Border collie Ellie is looking for a new loving home after being rescued from a hellhole by the RSPCA alongside 44 other dogs – she is learning how to socialize with people
Image: RSPCA/Triangle News)
She didn’t come into contact with a human for the first two years of her life – but is now searching for a loving home after being rescued by the RSPCA.
Border collie Ellie has been learning how to socialise with people after being trapped inside a ramshackle barn.
The three-year-old dog was rescued by RSPCA workers from the hellhole along with 44 other dogs, in January last year.
The pack of pups were riddled with parasites and struggling for food in Ceredigion, mid Wales.
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Their owner agreed to work with the RSPCA when “the situation got out of control” meaning they couldn’t meet the dogs’ basic needs.
It’s Ellie may have never even been outside, let alone interacted with humans before.
But the poor pup has faced further heartbreak since, with her search for a forever home being unsuccessful.
Ellie has spent more than 400 days searching for a new owner.
She is now one of RSPCA Cymru’s longest-staying dogs at their Bryn-y-Maen centre, along with five-year-old crossbreed Charlie, from the same rescue.
Charlie was so terrified when he was taken into the charity’s Newport centre that he spent the first six weeks of his stay cowering in the corner of his kennel.
Bryn-y-Maen’s manager, Victoria Williams, said: “When Ellie arrived at the centre she was unsocialised and understandably nervous.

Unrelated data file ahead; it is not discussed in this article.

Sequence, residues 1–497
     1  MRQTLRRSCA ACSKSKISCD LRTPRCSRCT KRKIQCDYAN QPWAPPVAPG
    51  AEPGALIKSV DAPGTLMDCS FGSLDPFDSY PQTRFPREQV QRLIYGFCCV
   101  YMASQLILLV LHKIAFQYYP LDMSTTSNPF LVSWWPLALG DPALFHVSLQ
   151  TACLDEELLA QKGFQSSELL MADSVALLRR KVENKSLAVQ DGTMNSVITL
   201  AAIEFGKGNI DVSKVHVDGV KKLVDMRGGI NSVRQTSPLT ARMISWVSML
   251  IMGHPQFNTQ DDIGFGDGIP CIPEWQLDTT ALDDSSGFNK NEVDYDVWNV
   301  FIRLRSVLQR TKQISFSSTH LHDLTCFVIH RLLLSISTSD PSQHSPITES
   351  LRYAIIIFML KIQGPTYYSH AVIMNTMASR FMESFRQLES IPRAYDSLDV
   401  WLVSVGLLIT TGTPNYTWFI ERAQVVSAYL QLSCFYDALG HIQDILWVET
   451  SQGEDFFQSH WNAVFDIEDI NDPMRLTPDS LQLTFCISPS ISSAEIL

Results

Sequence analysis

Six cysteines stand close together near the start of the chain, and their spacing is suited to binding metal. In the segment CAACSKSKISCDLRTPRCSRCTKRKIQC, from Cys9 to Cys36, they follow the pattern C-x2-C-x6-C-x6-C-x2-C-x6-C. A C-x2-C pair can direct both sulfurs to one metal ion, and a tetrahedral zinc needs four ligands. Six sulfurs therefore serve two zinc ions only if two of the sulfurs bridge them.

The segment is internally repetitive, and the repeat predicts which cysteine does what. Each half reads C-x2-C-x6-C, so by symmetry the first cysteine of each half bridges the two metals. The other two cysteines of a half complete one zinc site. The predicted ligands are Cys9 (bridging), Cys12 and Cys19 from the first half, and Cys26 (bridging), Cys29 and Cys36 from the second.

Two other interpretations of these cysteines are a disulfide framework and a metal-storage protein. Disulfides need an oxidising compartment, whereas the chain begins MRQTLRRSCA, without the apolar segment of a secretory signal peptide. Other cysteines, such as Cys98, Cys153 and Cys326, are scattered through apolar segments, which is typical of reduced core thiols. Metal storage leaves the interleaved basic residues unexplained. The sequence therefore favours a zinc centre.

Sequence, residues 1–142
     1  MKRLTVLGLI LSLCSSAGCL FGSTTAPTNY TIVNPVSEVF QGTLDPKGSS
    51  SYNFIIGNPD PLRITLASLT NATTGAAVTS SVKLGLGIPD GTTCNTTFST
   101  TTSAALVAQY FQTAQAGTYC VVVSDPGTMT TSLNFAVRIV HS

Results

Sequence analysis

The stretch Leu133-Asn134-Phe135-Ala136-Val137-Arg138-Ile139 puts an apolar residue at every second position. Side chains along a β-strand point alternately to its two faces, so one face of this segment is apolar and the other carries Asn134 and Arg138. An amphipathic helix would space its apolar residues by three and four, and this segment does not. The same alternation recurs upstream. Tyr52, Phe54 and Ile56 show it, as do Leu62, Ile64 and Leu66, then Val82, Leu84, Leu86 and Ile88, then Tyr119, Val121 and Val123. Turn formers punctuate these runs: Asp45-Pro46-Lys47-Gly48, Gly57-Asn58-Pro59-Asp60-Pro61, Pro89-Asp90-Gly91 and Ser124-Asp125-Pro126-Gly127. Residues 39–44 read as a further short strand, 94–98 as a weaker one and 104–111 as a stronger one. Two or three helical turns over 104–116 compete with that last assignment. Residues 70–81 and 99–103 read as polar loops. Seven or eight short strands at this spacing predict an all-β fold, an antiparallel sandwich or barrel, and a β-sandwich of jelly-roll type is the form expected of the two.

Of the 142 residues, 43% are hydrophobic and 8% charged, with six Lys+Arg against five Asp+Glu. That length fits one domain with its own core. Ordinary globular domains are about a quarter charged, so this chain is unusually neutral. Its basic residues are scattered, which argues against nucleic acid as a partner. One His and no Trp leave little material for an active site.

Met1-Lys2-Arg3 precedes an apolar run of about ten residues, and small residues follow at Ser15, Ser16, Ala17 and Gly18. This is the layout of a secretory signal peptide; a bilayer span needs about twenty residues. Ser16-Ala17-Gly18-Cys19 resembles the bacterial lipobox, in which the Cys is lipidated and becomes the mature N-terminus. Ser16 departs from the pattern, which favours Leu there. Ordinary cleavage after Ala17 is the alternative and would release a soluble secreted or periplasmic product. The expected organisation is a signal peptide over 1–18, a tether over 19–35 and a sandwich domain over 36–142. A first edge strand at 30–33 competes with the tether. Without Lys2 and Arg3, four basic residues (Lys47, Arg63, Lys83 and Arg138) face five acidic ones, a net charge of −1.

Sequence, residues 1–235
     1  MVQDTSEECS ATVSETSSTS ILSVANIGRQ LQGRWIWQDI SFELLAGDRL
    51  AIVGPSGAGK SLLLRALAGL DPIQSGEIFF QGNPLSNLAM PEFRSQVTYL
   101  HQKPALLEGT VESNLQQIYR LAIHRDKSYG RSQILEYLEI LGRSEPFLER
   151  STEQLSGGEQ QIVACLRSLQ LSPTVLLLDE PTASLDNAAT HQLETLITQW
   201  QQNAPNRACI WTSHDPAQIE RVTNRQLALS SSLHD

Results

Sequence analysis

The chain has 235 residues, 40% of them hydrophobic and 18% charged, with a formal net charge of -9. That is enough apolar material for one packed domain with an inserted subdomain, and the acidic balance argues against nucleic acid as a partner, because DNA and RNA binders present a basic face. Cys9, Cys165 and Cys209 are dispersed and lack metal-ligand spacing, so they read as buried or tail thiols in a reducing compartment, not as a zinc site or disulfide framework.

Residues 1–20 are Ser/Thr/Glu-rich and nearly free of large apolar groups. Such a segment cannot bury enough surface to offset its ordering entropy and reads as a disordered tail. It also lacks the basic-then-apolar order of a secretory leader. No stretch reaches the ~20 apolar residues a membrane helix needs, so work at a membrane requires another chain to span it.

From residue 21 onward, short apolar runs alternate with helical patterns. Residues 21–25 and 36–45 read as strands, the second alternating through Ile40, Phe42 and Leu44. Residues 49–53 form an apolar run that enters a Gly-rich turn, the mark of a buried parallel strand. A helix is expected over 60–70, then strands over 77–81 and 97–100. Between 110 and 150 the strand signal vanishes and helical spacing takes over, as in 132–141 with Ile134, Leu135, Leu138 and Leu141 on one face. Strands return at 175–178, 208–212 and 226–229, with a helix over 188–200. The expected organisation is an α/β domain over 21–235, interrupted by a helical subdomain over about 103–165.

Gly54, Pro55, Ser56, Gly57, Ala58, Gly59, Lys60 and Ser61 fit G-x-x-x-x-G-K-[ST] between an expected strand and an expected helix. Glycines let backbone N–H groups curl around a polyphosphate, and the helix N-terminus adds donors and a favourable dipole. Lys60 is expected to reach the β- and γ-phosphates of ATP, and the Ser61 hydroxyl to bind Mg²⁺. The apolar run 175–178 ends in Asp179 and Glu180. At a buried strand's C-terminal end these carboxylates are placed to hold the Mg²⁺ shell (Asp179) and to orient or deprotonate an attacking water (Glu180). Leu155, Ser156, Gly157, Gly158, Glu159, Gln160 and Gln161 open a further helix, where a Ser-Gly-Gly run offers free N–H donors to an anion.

“She’d been living rough in inappropriate conditions in a dilapidated outhouse with 44 other dogs and had never experienced a normal life, so we’ve worked really hard to build up her trust and confidence.
“For the first couple of months we’d sit outside her kennel and throw in high value treats for.
“Once she was comfortable with that we fed her through the kennel bars before letting her out in the main block, leaving food bowls in different areas and gradually introducing more staff around her.
“The next step was to get her used to a collar and a lead, and about three months after she arrived, she was finally ready to go for a walk.
“It was really important not to rush Ellie and to let her do everything at her own pace.
“We took in five other dogs from the same farm and whilst they have all been rehomed since, Ellie is still waiting.
“She’s been with us a long time and has seen her friends from the barn all go off to new families, so we’d really love to see her settled and happy in her own home after everything she’s been through.”
Ellie will need a quiet rural or semi rural environment with understanding owners who are going to be able to continue to build her confidence in an adult-only home as the only pet.
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